13. Beautiful home; I love the less is more! Being a parent is hard work; regardless of how many children you have! Congrats on finding a balance in life; some people strive and never do! Thanks for opening your life to us; it’s always encouraging to see how others live :)

  14. Margaret Burton

    I am the Mother of this beautiful person, and I just had to tell you that my daughter’s home and family are exactly as she says – it’s all true!

  15. It seems that no matter how many kids you have you get questions! I think I agree with a previous poster who said it was people just making conversation a lot of the time. We have two girls and don’t plan to have any more but as soon as the second was born people were asking if we were going to try for a boy.

  16. I love this apartment! Hallie’s aesthetic is gorgeous, so light and airy and minimalistic, but still incredibly warm. I lived on the other side of Uptown during my NYC days, sandwiched between Carl Shurz and Central Park and it was lovely.

    I have a question for Hallie. I love Pompie’s name, but have never heard it before! Is it her given name, or is it a nickname? More common in Australia? It’s so spunky and pretty, without being too precious.

    1. Hi Jenna..
      Thanks of your comments..
      Pompie’s name is a sweet story, it’s a actually a french name, a real name and 5 generations old on my fathers side, it was the family’s magic fairy’s name so we gave it life. It was like asking my dad if we call could call her “Arthur” after him. A lovely moment for all AND, OMG she’s such a Pompie!

  17. Gabrielle, thank you for yet another amazing episode of the ‘LwK’ series! I love each and every one of them! This time, however, I’m most thankful for more than just the pics and the story itself: Hallie’s project feels like my thoughts and dreams came to life as I was thinking of developing something really similar to take the burden of ‘dressing up’ my girl and turn it into a stress-free, fun-filled moment for both her mother (aka moi) and my sweet daughter (who’s constantly struggling with her 3 brothers like Brave’s Merida).

    Congrats and please keep up the amazing work, I’m so curious how it will grow with Pompie <3 !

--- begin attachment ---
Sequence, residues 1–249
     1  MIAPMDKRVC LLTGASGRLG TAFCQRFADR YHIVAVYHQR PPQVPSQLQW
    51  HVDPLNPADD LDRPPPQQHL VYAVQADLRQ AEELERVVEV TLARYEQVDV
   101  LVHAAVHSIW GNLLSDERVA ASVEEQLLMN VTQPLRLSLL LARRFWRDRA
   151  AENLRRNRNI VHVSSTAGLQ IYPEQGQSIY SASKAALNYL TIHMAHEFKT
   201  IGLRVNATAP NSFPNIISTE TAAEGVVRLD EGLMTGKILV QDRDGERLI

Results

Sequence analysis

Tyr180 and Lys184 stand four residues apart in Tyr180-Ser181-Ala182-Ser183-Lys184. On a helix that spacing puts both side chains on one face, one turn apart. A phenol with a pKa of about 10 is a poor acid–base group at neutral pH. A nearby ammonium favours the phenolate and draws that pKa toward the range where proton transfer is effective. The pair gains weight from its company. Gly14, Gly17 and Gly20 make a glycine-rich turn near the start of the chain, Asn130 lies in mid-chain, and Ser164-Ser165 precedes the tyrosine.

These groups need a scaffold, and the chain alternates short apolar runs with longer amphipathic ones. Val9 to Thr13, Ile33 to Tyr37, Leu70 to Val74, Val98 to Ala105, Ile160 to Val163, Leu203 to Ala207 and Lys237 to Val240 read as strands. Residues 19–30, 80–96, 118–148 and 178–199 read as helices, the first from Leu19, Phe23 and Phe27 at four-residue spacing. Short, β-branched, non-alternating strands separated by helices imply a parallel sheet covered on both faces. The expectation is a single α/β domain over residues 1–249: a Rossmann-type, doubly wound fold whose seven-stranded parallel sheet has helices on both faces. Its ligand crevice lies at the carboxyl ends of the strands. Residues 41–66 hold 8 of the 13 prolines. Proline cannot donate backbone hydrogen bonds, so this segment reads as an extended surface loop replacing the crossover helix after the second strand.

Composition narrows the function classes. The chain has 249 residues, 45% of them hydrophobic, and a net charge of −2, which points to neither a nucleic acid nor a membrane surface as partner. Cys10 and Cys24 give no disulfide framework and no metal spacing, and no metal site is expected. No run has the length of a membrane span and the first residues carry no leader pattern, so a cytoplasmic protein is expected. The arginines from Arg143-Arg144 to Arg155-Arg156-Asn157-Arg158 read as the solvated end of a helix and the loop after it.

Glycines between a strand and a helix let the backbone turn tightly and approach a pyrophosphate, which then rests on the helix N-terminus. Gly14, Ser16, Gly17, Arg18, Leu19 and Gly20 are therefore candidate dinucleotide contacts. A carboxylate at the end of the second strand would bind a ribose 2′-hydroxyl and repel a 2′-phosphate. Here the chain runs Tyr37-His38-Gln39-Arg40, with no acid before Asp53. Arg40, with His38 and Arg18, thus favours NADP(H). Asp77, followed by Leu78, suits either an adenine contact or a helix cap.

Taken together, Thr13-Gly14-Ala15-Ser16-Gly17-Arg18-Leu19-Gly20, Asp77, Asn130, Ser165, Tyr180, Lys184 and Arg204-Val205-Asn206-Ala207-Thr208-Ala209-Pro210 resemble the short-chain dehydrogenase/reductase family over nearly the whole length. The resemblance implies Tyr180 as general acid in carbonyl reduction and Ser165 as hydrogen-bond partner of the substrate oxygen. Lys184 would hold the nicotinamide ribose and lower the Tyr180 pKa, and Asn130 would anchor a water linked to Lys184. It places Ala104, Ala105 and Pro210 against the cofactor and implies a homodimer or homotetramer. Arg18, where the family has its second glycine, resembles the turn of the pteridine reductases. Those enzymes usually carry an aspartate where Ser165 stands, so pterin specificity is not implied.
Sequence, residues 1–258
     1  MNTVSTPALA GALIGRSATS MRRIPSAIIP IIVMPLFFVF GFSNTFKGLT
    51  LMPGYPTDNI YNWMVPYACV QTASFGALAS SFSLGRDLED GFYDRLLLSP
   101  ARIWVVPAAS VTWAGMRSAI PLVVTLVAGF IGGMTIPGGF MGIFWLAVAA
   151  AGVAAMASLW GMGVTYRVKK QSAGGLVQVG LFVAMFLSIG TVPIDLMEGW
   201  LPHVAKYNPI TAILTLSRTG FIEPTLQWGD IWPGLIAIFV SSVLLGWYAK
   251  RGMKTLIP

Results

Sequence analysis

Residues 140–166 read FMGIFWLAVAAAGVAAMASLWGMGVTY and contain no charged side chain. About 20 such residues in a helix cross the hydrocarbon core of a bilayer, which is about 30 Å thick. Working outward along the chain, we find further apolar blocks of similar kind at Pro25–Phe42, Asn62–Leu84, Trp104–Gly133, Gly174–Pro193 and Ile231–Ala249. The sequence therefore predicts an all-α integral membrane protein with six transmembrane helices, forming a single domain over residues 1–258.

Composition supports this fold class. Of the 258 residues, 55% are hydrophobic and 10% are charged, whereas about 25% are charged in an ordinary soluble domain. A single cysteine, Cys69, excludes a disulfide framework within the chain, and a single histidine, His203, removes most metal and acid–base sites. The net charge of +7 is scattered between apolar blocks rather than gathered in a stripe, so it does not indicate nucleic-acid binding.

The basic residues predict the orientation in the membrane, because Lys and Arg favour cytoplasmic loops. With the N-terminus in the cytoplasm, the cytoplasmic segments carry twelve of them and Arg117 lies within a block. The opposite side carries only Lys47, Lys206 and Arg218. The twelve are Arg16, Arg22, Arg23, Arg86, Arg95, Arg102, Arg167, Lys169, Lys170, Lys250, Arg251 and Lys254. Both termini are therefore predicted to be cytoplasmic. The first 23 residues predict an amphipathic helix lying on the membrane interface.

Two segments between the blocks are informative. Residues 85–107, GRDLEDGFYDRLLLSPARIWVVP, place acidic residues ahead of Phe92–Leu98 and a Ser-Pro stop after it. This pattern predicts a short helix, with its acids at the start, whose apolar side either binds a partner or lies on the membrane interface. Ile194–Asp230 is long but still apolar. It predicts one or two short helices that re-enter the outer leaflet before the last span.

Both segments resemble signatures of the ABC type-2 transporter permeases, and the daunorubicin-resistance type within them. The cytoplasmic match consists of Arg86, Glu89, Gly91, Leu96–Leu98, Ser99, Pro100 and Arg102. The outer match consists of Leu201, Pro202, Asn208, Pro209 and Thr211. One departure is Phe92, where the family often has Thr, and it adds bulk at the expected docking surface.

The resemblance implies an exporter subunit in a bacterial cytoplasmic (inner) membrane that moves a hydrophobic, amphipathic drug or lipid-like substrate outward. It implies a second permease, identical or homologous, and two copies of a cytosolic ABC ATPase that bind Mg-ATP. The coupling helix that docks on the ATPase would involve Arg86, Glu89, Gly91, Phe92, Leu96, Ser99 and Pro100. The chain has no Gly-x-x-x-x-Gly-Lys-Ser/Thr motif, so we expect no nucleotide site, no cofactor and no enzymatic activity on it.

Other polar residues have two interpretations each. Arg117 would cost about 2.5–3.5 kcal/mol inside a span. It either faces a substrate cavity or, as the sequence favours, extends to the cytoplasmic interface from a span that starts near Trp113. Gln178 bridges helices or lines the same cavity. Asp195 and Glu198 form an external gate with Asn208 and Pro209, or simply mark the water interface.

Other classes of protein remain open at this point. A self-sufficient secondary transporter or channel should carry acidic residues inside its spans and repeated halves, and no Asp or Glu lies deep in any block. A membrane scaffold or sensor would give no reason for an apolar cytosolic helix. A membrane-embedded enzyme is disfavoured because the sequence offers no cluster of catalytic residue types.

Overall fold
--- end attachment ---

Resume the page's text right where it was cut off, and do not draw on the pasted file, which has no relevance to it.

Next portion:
18. I absolutely loved this peek into Hallie and her family’s life!! Your house is so beautiful, Hallie, and your lifestyle really inspirational and food for thought.

    I too have just one child – a daughter. She has been so much more work than I expected and my health is not amazing, so my heart is telling me to stick with just one child. It can be very hard to feel good about this decision with all the questioning, assumptions and pressure from outside.

    It would be good to hear from only children who enjoyed the experience!

    1. Niamh
      Thanks for commenting. For me being older when i had Pompie i was just thrilled to get her, and having her has changed us. 1 is so much work and my career was breaking through here in NYC after and i took her everywhere and we are just so tight that we decided early on this was our path and for us it was a great decision. We just love our closeness so Cherish it and love’s an beautiful experience. Here and now. Thankyou x

  19. Beautiful apartment.
    Lonely and only. Spoilt. Oh I used to hear them all.
    Now as a mother of two I laugh in hindsight. We give our kids so much more than my parents gave me just to negotiate peace. They love one another but the antagonism can do your head in!
    It is a tight unit the three person family but with fulling careers held by parents it’s a lovely bond. Enjoy it.

    Oh yes, and after getting a dog last year, I soon discovered other dog owners love to share their opinions…aahhhh.

    I love a good floaty dress….will check them out.

  20. I had to laugh at the husband dressing the daughter in pajamas story. Just yesterday my husband sent me a picture of our 3 year old playing at the library. And I replied back to inform him that he had actually dressed him in a pajama shirt that day. To him, it was a cotton shirt. And nobody really could ever tell. I just know because I bought the pajama set :)

  21. Your home is beautiful, Hallie. Can you tell me about your floors? They are such a nice medium tone. What are they? Thanks!

    1. Hi Tracie,
      We love them!
      They are white oak with a white Monocot finish, in reality they look a pale grey. I will warn you as they are not sealed a little more effort goes in to looking after them. They feel so amazing – like silk- to walk on..because they are un ealed, so they are no sticky.
      Hope this helps.

  22. your home is beautiful! I need to learn to live a bit lighter. I especially love your bed frame.

    Could you tell me where you found your barstools?

    1. Hi Debbie,
      I think they are by Mater -Cophenhagen…we’ve had them a while now so my memory is proving a little rusty..maybe try a google image search rand they should come up.

  23. Wow, as someone who grew up in a culture where giving and receiving advice is an absolute norm, it always amazes me how much Americans (or maybe all Westerners, considering the nationalities in today’s feater?) take advice or opinions as judgements, rather than, well, opinions.

    For me, it’s just the other people’s views on the subject. They don’t reflect on me or my choices, because those choices are my own.
    I grew up in a fairly traditional, “blend in” kind of culture, and my weird-ass choices, such as becoming an artist or adopting instead of having “my own” did elicit a ton of comments/opinions, but I always took them as – you know – opinions, not criticisms. And I’m not saying this in any superior way – I’m not an exception in my culture.